When Mr Nadella went to Canberra


James Riley
Editorial Director

AI ethics is the new frontier when it comes to policies, guidelines or regulation. But the first thing we must look at when it comes to AI is how is it going to augment human productivity.

During an on-stage chat with CSIRO chair David Thodey at an Institute for Public Affairs function at Parliament House in Canberra, Microsoft chief executive Satya Nadella spoke to policymakers about the need for a set of principles to guide engineering practices in developing AI systems.

Just as good user experience was based on a set of engineering principles, the same applies to AI he said, citing fairness, robustness, privacy and security, inclusiveness, transparency, and accountability as developmental cornerstones.

“Privacy is a very big consideration, but once you have the right policy framework in place that allows citizens’ data to be shared in such a way that the government can operate more effectively,” Mr Nadella said. “it can make a huge difference.”

The key to successful AI can be found in the answers to questions like “are citizens getting better healthcare, better credit, better access to education and other public services because of the way their data is being used? That is our responsibility as a society,”.

In a veiled swipe at social media giants such as Facebook and Google, Mr Nadella observed that our data is currently being used for commercial means very effectively, adding that what needs to happen next is a shift towards data benefitting citizens more, rather than private enterprises.

“What I think is going to be important in the next phase is the need for more of a balance,” he said.

Around emerging areas, such as digital, Mr Nadella stressed that public sector leaders cannot allow a massive disconnect between the capabilities within the government and what our citizens expect from them.

“The work that government is doing to up skill public servants is among the most important work it will do,” he said.

When asked about the importance of inclusivity in technology, Mr Nadella, who has a son with severe brain damage caused by in-utero asphyxiation during childbirth which left him with cerebral palsy, said that it was of fundamental importance that inclusivity be built into technology at its inception, rather than something that is tacked on at the end.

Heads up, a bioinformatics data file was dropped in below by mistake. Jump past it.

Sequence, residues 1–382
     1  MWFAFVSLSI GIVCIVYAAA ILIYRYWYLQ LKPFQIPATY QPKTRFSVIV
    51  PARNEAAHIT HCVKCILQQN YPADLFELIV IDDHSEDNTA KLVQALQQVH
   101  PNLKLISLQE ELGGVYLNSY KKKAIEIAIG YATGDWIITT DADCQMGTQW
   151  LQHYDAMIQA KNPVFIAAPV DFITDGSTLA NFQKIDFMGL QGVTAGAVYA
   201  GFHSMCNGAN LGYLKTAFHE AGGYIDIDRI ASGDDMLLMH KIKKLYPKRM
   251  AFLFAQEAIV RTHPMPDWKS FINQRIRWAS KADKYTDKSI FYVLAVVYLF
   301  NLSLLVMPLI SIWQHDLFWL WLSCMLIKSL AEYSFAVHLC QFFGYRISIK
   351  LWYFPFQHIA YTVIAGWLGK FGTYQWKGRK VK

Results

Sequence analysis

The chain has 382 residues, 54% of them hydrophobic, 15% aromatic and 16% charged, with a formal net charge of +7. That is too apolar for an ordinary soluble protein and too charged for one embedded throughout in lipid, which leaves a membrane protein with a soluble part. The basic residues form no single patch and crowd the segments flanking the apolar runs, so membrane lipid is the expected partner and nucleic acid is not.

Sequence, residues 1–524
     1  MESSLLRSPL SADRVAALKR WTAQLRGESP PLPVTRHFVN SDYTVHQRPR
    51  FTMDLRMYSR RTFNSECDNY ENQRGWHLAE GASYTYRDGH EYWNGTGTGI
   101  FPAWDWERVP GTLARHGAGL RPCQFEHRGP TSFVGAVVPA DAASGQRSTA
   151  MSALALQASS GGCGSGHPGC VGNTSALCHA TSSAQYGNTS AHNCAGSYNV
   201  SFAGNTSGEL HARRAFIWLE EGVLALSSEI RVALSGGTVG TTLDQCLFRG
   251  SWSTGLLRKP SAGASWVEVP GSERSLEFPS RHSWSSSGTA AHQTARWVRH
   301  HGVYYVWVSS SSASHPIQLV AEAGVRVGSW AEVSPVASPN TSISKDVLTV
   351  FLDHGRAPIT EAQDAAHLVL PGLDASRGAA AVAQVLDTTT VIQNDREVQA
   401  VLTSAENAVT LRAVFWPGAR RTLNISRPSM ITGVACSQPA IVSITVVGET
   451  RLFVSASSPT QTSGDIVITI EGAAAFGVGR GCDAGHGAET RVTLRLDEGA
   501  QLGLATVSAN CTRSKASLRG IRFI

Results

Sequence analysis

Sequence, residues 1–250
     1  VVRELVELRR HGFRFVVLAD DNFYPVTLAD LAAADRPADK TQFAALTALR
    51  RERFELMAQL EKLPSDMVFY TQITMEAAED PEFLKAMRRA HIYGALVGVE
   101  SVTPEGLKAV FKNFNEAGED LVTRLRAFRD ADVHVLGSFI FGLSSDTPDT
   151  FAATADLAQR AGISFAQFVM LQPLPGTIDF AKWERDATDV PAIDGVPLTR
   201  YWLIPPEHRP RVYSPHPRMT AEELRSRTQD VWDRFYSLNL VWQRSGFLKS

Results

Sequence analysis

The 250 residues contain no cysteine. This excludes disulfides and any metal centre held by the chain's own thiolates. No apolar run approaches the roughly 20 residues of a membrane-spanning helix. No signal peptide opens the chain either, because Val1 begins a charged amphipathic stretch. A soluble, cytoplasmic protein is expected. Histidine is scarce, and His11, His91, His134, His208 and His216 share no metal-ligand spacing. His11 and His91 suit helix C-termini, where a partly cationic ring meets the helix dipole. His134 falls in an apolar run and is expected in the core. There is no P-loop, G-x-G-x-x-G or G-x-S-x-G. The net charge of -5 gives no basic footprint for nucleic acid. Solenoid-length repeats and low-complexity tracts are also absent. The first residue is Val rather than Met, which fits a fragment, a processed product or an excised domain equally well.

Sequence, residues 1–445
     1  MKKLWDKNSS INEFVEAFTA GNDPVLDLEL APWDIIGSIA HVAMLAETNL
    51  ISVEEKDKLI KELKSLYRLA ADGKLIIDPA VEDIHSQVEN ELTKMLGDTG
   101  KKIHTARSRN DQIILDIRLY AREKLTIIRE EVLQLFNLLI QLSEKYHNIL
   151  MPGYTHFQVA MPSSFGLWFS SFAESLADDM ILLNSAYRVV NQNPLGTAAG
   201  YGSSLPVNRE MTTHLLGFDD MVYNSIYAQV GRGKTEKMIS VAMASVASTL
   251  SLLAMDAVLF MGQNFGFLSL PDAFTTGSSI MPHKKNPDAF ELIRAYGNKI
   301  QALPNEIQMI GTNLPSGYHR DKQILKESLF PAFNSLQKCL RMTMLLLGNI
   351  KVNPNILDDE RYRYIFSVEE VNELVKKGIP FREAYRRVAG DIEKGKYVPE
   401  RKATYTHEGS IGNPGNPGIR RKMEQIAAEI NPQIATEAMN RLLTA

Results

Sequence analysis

“We need to go from assistive technology to inclusive design. Inclusivity needs to be built into technology at the design phase. The technology that we deliver has to be built around inclusivity and policymakers around the world need to set that bar to bring about universal design inclusiveness,” Mr Nadella said.

Representation also creates a culture of inclusiveness, whether it relates to gender, ethnicity, or people with disabilities. With machine learning and comprehension technology, Mr Nadella said that people with conditions such as dyslexia are now able to read because they can adapt and personalise features to what works best for their specific needs.

“These are breakthrough technologies that are going to deliver economic opportunity to more people.”

Unsurprisingly, as the leader of one the world’s largest multinational companies, Mr Nadella had some interesting insights to share on what he considers to be the key attributes of a great leader.

A keen cricketer in his youth, Mr Nadella said participation in the sport helped to shape the kind of leader he is today. He quipped said that “If I was a good enough cricketer, I wouldn’t be here talking to you today!